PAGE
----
What exactly do we mean by tolerance? To some it may mean voting for a candidate who believes that homosexuality should not be illegal, to others it means smiling through gritted teeth while your son brings home his first boyfriend, while to others it means being the proud parent at your son’s gay wedding. Personally, to me tolerance means treating people in an equal way whatever difference they may have from you (or each other) to the point of ignoring the difference, not even noticing it. A person’s choice (or inherited genetic tendency) of lifestyle, should not be judged by the way it affects them but by the way it directly affects those around them, not in a ‘I don’t approve’ way but in a ‘their children aren’t safe’ or a ‘driving like that is dangerous’ way. Not doing what you would do in a given situation is not grounds for persecution, doing something that has negative affects on other people is. Maybe ‘acceptance’ is a better word to use but tolerance is the word in common usage on the subject so I’ll continue with that.

What are the limits of tolerance? Should I tolerate unlawful behaviour? Unethical practise? Cruelty?

No, these are not things I think anyone should tolerate. They all have a clear victim, all freedoms of action have a boundary around which stand the other members of society who could be affected by those actions. Granted there are many examples of ‘victimless crimes’ such as drug use but I don’t really want to get into the whole ‘legalise drugs’ issue. Suffice to say that in this piece I mean crimes that have a clear victim (I would include children of substance abusers in this category). Poor ethics are not constricted to the corporate world, we all know examples of religious leaders driving expensive cars and wearing designer suits, while the charities and causes they claim to support struggle with lack of funds (or no funding at all if they dare to break one of the requirements set down by the church). There are many examples of cruelty that are only permissible in law due to dietary restrictions, or bodily requirements placed on the religious. These actions are still cruel, whoever or whatever orders you to do them. Tolerance does not extend to allowing actions against an unwilling victim (I include all children in this) or to slaughter any animal in a way that causes any more than the bare minimum of suffering and for any reason other than necessary pest removal or food.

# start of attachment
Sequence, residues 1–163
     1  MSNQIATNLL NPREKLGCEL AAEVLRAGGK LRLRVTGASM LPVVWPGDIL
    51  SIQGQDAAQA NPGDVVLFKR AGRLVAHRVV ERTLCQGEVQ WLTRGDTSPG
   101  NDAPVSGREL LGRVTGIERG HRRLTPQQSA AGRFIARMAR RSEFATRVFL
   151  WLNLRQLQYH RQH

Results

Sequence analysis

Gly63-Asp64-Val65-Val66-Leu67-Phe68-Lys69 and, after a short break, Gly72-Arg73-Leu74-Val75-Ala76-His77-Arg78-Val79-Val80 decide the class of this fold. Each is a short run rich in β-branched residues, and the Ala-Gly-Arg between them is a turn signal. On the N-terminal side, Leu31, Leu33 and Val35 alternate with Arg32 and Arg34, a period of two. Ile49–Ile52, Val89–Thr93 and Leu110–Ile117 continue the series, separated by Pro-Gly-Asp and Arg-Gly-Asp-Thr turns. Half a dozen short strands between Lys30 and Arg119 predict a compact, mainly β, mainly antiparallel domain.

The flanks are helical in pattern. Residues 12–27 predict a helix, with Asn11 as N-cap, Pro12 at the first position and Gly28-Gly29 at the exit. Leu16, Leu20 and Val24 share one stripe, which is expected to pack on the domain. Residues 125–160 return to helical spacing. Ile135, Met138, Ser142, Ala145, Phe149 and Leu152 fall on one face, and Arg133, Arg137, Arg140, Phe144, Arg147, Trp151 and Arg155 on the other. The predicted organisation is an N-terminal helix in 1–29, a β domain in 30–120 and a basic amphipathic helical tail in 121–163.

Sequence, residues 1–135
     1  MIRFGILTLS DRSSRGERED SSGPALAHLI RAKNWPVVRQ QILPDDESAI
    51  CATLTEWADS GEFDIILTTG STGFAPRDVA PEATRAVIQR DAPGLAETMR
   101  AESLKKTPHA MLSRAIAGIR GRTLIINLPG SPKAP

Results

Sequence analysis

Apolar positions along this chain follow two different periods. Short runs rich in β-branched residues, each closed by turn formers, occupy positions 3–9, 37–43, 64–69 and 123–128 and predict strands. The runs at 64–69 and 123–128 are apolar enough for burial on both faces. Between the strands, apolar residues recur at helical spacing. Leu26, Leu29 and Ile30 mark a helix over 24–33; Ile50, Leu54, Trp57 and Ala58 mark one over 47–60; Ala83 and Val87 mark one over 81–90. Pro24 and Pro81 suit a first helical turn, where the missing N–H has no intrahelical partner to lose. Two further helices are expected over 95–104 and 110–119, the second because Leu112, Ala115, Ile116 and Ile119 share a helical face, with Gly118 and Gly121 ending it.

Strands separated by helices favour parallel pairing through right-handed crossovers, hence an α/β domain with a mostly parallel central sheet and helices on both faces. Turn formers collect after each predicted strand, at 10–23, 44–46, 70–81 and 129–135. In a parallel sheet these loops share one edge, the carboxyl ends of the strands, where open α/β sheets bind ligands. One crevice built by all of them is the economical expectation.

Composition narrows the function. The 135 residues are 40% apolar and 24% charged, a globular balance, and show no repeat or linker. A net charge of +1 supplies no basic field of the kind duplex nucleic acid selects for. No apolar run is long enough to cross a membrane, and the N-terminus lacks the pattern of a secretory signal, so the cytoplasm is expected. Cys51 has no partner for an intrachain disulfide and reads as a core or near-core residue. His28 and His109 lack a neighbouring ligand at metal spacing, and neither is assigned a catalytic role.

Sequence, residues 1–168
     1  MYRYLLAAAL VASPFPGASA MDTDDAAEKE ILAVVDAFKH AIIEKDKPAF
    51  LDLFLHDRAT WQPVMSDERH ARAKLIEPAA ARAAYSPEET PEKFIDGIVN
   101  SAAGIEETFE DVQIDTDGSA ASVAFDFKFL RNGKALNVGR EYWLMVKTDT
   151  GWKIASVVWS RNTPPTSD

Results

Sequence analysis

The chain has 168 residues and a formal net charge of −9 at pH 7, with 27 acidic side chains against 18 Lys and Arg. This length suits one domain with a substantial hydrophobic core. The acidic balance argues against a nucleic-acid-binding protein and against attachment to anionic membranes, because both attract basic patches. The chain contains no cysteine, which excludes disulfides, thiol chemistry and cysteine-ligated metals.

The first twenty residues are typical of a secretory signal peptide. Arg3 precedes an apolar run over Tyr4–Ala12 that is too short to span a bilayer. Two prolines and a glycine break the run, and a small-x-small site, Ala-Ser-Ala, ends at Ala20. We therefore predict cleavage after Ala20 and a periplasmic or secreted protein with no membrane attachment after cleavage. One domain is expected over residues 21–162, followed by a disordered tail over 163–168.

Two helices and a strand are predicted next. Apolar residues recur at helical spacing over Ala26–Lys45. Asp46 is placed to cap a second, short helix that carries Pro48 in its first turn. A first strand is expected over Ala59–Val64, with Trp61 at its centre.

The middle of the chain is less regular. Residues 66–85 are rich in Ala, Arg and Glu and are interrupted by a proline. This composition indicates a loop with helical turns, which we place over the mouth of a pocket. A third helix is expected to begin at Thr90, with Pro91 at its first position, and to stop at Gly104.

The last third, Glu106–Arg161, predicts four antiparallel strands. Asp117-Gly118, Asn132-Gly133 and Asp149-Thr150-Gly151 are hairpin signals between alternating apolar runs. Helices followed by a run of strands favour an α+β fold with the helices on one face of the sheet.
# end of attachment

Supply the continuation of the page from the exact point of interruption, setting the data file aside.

These are so far examples of toleration with regards to behaviour, what about tolerating intolerant thoughts and views?